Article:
Prospective observational cohort study of reached protein and energy targets in general wards during the post-intensive care period: The PROSPECT-I study

Rianne Slingerland-Boot, Ino van der Heijden, Nienke Schouten, Luuk Driessen, Sjoerd Meijer, Marco Mensink, Arthur van Zanten*

*Corresponding author for this work

Research output: Contribution to journalArticleAcademicpeer-review

2 Citations (Scopus)


Introduction: Nutrition plays an essential role in the recovery of critical illness. In the post-Intensive Care Unit (ICU) period, patients typically return to oral nutrition gradually. However, studies quantifying nutritional intake in the post-ICU hospitalization period are scarce and formal guidelines are lacking. This study aims to describe energy and protein intake in detail over the entire post-ICU hospitalization period and explore associations between protein intake and clinical outcomes. Methods: A prospective observational single-center cohort study was conducted amongst post-ICU patients in general wards after a minimum ICU-stay of 72 h and who received (par)enteral feeding for ≥24 h in the ICU. Oral intake was assessed daily using food order lines and digital photography of meal leftovers. Other data, including amounts of (par)enteral nutrition, were collected from electronic medical records. The primary outcome was to identify energy and protein intake, and reached targets, in the post-ICU period. In addition, length of hospital stay after ICU discharge, readmission and mortality rates were compared between patients meeting protein targets or not. Results: In total, 48 patients were included. Complete nutritional data of 34 patients were analyzed in the current study, adding up to a total number of 484 observational days, 1681 photos and 6634 food order lines. Inter-rater agreement was excellent (ICC 0.878). Overall mean energy and protein adequacy for all nutritional groups was 82.3% (SD 18.3) and 83.1% (SD 19.8). Only 51.2% of the study participants (n = 21) reached overall >90% of prescribed protein targets during their entire post-ICU ward stay. The lowest intake was seen in the patient group with exclusively oral intake (median protein adequacy 75.5%), whereas patients with (supplemental) enteral nutrition (EN) all met >90% of their protein targets. Prescribed targets were below recommendations, and prescribed calories and proteins were neither ordered nor consumed. Discontinuation of EN resulted in immediate marked drops in energy (44.1%) and protein intake (50.7%). Subsequently, patients needed up to six days to reach protein targets again. No differences in clinical outcomes were observed. Conclusion: Most patients did not meet energy and protein targets in the post-ICU hospitalization period. Nutrition performance was highly dependent on the route of nutrition and was lowest among patients with oral intake only (despite of food fortification strategies and/or oral nutritional supplements). The best intake was observed in patients receiving (supplemental) EN. However, cessation of EN posed an immediate nutritional risk. No differences in clinical outcomes were found in this study. Our findings stress the need for follow-up studies to close the gap with individualized nutritional support in the post-ICU period to reach protein and energy targets.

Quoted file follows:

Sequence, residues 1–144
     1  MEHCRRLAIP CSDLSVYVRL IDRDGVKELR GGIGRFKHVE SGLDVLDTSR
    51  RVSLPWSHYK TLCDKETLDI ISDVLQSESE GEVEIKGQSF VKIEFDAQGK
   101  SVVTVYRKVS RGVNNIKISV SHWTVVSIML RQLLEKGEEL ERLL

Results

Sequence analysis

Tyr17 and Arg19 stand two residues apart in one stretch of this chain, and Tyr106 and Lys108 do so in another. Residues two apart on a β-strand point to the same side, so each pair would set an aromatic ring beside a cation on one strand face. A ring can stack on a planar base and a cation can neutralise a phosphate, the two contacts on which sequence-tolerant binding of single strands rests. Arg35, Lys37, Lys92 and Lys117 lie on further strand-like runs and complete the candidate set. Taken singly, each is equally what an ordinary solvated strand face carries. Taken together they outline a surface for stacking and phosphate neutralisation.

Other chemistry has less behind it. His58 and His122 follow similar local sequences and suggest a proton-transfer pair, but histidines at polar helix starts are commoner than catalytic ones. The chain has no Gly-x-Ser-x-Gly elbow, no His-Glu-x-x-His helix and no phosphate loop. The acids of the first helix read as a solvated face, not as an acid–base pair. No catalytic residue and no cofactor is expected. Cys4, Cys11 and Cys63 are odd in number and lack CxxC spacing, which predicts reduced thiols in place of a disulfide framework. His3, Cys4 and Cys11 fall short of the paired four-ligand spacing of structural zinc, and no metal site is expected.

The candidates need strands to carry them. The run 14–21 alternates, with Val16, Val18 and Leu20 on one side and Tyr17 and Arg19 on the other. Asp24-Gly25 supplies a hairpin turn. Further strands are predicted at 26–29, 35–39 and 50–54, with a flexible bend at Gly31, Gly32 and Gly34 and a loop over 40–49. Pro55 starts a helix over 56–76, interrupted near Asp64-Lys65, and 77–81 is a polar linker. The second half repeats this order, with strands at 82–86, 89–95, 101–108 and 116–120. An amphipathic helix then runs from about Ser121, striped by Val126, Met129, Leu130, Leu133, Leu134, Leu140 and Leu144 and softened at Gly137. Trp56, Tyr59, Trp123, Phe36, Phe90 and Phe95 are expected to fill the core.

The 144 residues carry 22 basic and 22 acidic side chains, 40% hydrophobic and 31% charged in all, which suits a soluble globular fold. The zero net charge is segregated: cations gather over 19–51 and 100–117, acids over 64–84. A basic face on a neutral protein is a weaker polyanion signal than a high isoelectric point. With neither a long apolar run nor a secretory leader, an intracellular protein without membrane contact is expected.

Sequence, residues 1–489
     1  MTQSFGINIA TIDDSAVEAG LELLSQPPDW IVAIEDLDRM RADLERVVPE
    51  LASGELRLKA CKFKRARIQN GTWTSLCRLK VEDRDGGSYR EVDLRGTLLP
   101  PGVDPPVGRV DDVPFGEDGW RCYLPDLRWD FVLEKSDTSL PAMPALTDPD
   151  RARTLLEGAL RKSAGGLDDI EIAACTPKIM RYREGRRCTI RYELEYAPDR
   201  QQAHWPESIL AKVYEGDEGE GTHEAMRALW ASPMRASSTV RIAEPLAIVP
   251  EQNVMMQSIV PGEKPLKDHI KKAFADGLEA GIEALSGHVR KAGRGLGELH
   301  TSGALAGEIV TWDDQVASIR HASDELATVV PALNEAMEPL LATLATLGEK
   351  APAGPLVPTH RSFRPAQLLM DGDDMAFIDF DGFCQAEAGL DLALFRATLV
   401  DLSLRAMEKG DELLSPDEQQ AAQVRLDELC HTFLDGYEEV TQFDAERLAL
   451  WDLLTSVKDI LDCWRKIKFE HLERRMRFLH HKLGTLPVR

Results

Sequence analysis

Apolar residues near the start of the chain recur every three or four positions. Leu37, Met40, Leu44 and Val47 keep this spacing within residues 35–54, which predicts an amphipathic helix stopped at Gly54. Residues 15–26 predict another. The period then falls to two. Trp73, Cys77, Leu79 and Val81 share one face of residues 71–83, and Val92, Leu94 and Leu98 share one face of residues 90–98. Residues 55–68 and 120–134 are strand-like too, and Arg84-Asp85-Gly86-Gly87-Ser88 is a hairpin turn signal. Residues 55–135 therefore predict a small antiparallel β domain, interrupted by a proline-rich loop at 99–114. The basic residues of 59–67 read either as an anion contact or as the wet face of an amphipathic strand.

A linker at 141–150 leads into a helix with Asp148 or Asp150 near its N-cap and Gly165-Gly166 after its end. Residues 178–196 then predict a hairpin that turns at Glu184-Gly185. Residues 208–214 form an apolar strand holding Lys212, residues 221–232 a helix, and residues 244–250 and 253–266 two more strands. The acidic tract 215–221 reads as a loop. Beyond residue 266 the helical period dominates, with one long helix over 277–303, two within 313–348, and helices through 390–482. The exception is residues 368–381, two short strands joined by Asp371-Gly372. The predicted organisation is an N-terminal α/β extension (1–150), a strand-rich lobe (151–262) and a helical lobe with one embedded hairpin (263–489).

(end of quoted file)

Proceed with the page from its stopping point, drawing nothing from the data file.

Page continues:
Original languageEnglish
Pages (from-to)2124-2134
JournalClinical Nutrition
Issue number10
Publication statusPublished - Oct 2022


  • Adequacy
  • Deficit
  • Energy and protein intake
  • Post-ICU nutrition
  • Reached individual targets


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